Parents Guide to Surviving Middle School!


Reprinted from the Huffington Post.

1. Respect me. I'm my own person, not just your kid. Sometimes I might have opinions that differ from yours. Sometimes I just want to be your baby. Respect me either way.

2. I still want to have fun with you, and feel like home is safe and happy. Smile at me.

3. I need to make some of my own choices, and maybe some of my own mistakes. Don't do my work for me or get me out of every jam. You don't need to be better than me at everything. Don't condescend; you don't need to impart your elderly wisdom on me if I have a problem. Please wait for me to ask for your help. If I don't ask for it, I might want to work it out for myself. Let me rant without offering advice. Sometimes that's all I really need, just to talk my way through something and for you to just listen to me.

Click to read the other 12 things: LINK


This is a great article from "Psychology Today" about the transition to middle school. We recommend reading the whole article here. LINK

Come middle school, early adolescents collide with secondary education.

Published on April 18, 2011 by Carl E. Pickhardt, Ph.D. in Surviving (Your Child's) Adolescence

Middle school is a minefield of developmental challenges for students, a time when significant parental supervision and support must be given. Summarizing, here are ten steps parents can take to support a successful entry and passage through middle school.

1.Understand that middle school is not elementary school.
2.Identify and allay common entry fears of middle school.
3.Expect early adolescent changes in your child.
4.Supervise the completion of all homework.
5.Support learning to function in a large secondary system.
6.Declare your desire to be told about any social cruelty that occurs.
7.Inform your child about the normal changes that come with puberty.
8.Enroll your child in social circles outside of school.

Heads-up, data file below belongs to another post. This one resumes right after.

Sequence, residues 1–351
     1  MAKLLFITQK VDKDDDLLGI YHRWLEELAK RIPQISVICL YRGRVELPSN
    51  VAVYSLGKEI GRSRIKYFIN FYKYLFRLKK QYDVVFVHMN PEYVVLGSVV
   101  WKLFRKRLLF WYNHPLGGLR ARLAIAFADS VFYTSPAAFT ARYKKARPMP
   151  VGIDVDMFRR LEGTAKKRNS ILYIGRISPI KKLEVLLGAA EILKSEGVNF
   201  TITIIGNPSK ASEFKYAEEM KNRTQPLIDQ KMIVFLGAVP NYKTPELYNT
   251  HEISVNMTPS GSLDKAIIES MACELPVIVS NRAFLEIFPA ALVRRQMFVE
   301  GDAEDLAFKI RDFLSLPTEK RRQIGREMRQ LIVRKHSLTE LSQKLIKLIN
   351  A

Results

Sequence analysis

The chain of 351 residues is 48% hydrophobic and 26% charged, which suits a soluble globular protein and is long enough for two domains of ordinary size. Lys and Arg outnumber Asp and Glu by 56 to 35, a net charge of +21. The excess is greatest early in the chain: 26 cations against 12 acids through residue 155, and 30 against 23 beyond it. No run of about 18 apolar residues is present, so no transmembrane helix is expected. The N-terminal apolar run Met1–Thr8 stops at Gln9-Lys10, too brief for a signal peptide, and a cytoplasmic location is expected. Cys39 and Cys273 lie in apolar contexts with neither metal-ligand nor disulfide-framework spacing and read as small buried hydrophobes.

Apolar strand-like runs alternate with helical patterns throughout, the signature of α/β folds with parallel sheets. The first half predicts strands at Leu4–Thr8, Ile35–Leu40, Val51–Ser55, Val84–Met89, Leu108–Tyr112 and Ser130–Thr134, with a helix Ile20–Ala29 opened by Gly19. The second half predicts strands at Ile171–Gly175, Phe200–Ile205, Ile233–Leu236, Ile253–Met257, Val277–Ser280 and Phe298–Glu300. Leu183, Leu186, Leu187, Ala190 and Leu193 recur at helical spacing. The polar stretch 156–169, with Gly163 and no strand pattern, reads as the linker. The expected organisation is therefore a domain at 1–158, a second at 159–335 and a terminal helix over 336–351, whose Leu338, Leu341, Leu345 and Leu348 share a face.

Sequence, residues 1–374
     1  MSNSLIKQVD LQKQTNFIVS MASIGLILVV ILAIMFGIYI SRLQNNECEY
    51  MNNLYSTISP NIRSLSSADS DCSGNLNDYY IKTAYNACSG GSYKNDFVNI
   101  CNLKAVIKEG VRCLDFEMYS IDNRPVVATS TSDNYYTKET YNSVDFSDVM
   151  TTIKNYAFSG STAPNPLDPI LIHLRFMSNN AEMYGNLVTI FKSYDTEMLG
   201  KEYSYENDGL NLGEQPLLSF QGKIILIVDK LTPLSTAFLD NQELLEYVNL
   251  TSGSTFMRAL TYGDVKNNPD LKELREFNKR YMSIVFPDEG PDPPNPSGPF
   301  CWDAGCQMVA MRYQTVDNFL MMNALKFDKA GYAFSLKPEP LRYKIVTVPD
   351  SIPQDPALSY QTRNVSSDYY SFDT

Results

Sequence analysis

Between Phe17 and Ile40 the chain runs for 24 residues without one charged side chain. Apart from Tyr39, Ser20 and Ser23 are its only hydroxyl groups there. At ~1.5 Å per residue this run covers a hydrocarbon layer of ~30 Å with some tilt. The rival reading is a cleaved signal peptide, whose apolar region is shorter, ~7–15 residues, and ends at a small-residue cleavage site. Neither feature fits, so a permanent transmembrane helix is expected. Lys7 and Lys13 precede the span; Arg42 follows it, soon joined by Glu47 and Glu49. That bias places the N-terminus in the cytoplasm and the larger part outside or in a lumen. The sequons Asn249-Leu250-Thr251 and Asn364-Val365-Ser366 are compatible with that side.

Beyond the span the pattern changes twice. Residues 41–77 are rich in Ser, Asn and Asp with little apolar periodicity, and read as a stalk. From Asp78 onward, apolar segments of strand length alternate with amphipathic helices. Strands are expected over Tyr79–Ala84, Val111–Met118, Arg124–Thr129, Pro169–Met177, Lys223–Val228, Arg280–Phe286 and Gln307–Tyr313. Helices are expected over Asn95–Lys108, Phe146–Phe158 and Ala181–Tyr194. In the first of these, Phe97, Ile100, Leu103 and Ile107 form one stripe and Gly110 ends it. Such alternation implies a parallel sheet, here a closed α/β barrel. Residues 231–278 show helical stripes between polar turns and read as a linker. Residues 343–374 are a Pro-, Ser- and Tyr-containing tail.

9.Encourage the development of multiple sources of self-esteem.
10.Monitor and moderate the increased need for electronic communication (cell phone texting, computer messaging, and social networking.)


This article is excerpted from Traits of Writing: The Complete Guide for Middle School by Ruth Culham.

Here are some of the “truths” I’ve discovered about middle school students over the past thirty years, which have helped me understand students better and respect them more:

  1. They have a hard time remembering things. 
    They don’t remember to put their names on their papers even though they did this automatically in elementary school. They don’t remember where they put their papers, their backpacks, or that all-too-important permission slip. In fact, they remember hardly anything they consider mundane, no matter how desperately the adults in their lives wish they did. It doesn’t mean they aren’t learning. 

  2. They don’t like to do ordinary, repetitive tasks. 
    They detest homework for the sake of homework, formula-driven prompts, black-line masters designed to teach them things they already know. (Who can blame them?) They like to be occupied with work that matters to them. They like being active. In fact, they crave it. 

  3. They must talk to learn.  
    Talking is as essential to middle school students as breathing. In silent classrooms, students are cut off from one another and become bored and frustrated. In classrooms where talking is valued, the energy level is palpable. Talking is how middle school students process their world and make sense of it. 

  4. They adore technology.
    They “get it” in ways that we, as adults, never will. They will gladly show us what they know if given the opportunity to use computers, cell phones, iPods, interactive whiteboards, and on and on. If we find a way to make technology an integral part of our writing instruction, just imagine what our students might do.

  5. They aren’t high school students. 
    Their strengths and weaknesses are different from older kids’. Yes, they have passion and energy, but with these come moodiness and unbridled emotion. They should be taught for who they are now, what works for them now, what is meaningful now. This is the best preparation for what comes later. Likewise, the best middle school teachers aren’t frustrated high school teachers, nor are they latter-day elementary teachers. We bring unique skills, passions, and characteristics to our work. The patience, flexibility, and humor required at every level, K to 12, are critical to success in middle school.

This page was last updated on June 3, 2021